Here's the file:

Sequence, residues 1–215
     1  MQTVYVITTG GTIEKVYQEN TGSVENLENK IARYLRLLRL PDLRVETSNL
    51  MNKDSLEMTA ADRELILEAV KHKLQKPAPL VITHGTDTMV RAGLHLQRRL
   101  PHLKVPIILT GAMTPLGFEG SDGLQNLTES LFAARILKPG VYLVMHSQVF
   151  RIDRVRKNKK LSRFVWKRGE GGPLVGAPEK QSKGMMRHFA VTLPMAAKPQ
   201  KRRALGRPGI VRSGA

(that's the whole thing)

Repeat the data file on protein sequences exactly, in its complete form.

Sequence, residues 1–215
     1  MQTVYVITTG GTIEKVYQEN TGSVENLENK IARYLRLLRL PDLRVETSNL
    51  MNKDSLEMTA ADRELILEAV KHKLQKPAPL VITHGTDTMV RAGLHLQRRL
   101  PHLKVPIILT GAMTPLGFEG SDGLQNLTES LFAARILKPG VYLVMHSQVF
   151  RIDRVRKNKK LSRFVWKRGE GGPLVGAPEK QSKGMMRHFA VTLPMAAKPQ
   201  KRRALGRPGI VRSGA